Weapons were destined to be sent to Kurdish fighters but Iraq's government has refused the arms shipments
MONTREAL, Canada - The government of Canada says it is still figuring out what to do with more than $7 million of “lethal aid” destined for Iraq, after the arms shipment was frozen once the war against the Islamic State (IS) group ended.
The weapons were originally planned to be shipped to Kurdish Peshmerga fighters, who have been allied with Canadian and other international forces engaged in the fight against IS, also known as ISIS or Daesh, in Iraq.
However, the country’s central government in Baghdad has refused to allow the shipment to go ahead, CBC News reported last month, over concerns the weapons could be used to bolster the Kurds’ push for independence.
Canada suspended its military training programme in Iraq after fighting broke out between Kurdish and Iraqi forces last year, but more than 100 members of the Canadian military remain in the country, CBC News also reported.
Patricia Brunelle, a public affairs officer at Canada’s Department of National Defence, said the “dynamic” nature of what is happening in Iraq “requires deliberate, responsible reflection” about the arms shipment.
Canadian military operations are “constantly under assessment” and the government aims to ensure the delivery of equipment and small arms “is provided under the right conditions,” she told Middle East Eye in an email.
“No specific delivery plans have been made by Canada as we continue examining our options,” Brunelle said.
The shipment consists of $7.5m of so-called lethal aid and $12.2m of non-lethal aid, she said.
Brunelle said she could not provide MEE with a list of equipment included in the planned shipment to Iraq, but she said the items are currently stored at a military depot in Montreal.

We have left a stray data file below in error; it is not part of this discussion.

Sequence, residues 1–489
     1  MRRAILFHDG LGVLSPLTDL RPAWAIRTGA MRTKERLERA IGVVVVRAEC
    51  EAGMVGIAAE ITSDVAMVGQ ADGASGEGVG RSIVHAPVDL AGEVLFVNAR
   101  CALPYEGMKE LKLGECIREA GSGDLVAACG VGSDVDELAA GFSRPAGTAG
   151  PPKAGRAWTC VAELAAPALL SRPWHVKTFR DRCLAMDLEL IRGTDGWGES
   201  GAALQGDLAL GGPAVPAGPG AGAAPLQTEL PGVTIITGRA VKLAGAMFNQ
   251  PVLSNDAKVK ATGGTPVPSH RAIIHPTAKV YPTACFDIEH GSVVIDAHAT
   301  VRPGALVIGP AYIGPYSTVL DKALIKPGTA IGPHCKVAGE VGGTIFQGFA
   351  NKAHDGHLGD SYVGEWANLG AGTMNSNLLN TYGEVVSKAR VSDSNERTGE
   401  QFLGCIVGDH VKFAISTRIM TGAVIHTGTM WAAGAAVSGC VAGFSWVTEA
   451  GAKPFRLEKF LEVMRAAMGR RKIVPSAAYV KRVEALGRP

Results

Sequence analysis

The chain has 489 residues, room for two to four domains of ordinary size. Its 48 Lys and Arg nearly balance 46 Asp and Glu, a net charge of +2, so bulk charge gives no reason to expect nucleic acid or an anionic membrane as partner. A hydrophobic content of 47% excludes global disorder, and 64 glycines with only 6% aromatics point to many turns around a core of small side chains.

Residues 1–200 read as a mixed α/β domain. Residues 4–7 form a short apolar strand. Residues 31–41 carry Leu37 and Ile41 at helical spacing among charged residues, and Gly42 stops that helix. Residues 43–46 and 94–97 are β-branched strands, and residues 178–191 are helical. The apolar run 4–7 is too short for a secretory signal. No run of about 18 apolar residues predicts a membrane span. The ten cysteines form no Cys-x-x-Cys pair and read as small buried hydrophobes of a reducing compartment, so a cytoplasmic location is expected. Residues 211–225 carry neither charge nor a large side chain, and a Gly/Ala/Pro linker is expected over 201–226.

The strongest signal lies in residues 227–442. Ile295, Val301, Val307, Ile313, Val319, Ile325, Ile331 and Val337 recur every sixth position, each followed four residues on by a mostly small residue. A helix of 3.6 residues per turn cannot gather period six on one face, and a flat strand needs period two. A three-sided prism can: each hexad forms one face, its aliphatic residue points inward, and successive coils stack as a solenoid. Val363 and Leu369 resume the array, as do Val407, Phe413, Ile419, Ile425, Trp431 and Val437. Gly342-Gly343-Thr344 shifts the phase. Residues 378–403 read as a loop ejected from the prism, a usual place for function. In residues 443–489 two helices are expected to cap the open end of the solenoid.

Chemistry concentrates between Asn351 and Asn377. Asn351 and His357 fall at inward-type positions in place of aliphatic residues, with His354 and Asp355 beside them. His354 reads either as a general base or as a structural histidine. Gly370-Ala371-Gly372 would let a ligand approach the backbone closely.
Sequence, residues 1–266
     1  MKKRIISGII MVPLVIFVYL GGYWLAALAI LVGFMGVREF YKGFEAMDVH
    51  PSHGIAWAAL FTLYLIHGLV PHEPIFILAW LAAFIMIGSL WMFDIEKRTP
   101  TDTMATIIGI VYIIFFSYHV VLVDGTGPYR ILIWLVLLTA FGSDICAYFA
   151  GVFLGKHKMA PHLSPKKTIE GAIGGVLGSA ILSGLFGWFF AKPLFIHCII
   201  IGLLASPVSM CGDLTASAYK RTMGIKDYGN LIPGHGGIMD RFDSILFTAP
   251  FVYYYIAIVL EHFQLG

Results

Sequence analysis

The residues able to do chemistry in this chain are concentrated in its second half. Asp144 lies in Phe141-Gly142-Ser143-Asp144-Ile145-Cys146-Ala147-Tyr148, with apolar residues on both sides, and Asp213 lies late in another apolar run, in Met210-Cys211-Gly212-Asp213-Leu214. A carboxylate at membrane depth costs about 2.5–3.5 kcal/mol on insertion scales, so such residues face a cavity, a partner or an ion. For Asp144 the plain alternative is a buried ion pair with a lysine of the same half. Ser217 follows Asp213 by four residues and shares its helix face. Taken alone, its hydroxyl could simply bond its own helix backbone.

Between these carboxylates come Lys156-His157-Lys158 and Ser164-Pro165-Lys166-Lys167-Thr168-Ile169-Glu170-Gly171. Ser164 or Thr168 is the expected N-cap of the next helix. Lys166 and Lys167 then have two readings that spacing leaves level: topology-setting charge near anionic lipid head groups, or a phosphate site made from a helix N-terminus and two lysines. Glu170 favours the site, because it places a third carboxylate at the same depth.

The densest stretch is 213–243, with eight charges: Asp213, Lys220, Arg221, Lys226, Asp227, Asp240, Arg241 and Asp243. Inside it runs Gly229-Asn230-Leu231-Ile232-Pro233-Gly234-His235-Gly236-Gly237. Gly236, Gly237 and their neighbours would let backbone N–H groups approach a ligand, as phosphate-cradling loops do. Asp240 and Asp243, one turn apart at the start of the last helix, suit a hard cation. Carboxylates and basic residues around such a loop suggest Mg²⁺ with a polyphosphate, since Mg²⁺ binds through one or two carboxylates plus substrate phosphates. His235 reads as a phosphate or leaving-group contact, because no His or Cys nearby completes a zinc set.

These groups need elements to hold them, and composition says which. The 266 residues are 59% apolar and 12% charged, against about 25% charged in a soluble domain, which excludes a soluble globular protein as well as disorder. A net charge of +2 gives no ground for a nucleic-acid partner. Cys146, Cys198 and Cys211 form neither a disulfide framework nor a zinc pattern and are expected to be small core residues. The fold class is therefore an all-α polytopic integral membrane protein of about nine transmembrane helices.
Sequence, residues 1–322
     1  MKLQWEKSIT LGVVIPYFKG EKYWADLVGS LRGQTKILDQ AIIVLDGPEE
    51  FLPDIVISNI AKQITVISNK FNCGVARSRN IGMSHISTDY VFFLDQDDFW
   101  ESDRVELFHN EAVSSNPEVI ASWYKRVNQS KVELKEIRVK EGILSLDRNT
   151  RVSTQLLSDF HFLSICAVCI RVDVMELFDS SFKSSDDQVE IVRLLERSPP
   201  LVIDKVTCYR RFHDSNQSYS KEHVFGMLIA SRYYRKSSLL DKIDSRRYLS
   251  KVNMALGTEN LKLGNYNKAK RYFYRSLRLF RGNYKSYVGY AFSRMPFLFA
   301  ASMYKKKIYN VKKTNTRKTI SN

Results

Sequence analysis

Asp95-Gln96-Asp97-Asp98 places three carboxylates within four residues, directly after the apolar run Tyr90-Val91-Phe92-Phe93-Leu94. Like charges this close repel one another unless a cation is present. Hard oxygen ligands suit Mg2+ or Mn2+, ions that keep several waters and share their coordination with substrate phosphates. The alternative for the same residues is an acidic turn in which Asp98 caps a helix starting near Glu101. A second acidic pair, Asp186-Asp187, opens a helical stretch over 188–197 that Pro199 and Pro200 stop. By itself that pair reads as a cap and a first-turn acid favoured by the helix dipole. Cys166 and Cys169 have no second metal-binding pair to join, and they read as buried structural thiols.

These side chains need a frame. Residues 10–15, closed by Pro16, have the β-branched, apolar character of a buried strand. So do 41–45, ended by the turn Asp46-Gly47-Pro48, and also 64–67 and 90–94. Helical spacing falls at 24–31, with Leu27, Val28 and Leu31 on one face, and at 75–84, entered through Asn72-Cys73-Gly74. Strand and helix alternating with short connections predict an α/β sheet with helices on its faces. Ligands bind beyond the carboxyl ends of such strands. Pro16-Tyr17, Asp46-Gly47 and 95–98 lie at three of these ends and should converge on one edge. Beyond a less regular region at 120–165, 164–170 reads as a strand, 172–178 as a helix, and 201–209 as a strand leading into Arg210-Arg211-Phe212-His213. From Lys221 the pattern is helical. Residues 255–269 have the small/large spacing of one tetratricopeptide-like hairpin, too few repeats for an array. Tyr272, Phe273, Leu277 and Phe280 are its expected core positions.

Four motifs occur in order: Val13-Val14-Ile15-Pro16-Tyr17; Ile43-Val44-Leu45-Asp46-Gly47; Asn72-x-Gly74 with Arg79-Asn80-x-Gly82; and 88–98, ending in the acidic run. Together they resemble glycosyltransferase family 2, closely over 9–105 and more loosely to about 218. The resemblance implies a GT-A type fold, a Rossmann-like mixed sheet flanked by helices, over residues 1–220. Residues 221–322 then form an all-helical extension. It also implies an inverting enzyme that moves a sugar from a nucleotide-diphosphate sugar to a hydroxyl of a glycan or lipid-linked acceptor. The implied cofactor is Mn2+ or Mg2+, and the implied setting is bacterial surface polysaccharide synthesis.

CBC News reported last month that grenade launchers, sniper rifles, mortars and anti-tank rockets were part of the original weapons shipment.
What is Canada's strategy?
With the arms transfer stalled, some Canadian foreign policy experts say the government needs to provide a clear rationale for why it still plans to send the weapons to Iraq - and who will be getting them.
“We need a clear articulation of a rationale for the further use of these weapons in Iraq and we haven’t heard that,” said Peggy Mason, president of the Rideau Institute, an independent foreign policy think-tank in Ottawa.
Mason told MEE the bigger question is: what is Canada’s long-term plan in Iraq?
We need a clear articulation of a rationale for the further use of these weapons in Iraq and we haven’t heard that
- Peggy Mason, Rideau Institute
“We’ve been down this road with Afghanistan,” said Mason, referring to Canada’s military deployment to that country between 2001 and 2014.
“We would train and train and train military forces and it’s the broader governance issues” that need to be addressed, Mason said.
“If the broader drivers of the conflict – for example, Sunni-Shia tension [in Iraq] – are not addressed, then the training is not going to succeed.
“What I’m interested in is an articulation from the government, led by the foreign minister ideally, as to what is our strategy going forward with regards to helping Iraq stabilise and sustain the peace,” she said.
Canada ended air strikes in Iraq and Syria that same year, shifting its mission to training Kurdish forces in Iraq, known as the Peshmerga. But that downgraded mission was not without its own controversy.
Canadian forces were forced to respond to criticism when images showing them sporting the Kurdish flag on their uniforms surfaced in May 2016.
At the time, the federal government said the flag was added to Canadian military uniforms as a way to ensure the troops’ safety.
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But for many, the flag – red, green and white, with a yellow sun at the centre – made it appear as though Canada supported Kurdish ambitions for an independent state in Iraq.
That would run contrary to Ottawa’s stated policy of supporting a unified Iraq under the remit of a central government in Baghdad.
A Kurdish government (KRG) currently oversees a semi-autonomous region in northern Iraq. Last September, Kurds in Iraq overwhelmingly voted in favour of independence, prompting violence between Iraqi and Kurdish forces.
Mason said seeing Canada’s mission in Iraq fall apart after the war against ISIS ended, largely due to concerns about the Kurds’ separatist agenda, “was not unforeseeable”.
“They didn’t appear to have thought that far down the road,” she said.
Ultimately, Mason said that whatever happens with the arms shipment, Canada should look beyond military training - and devote more attention to supporting good governance in Iraq.
Helping local authorities build good relations between the country’s various communities will be critical.
“It goes beyond the NATO remit of looking at training and so on. [Canada] should be doing much more.”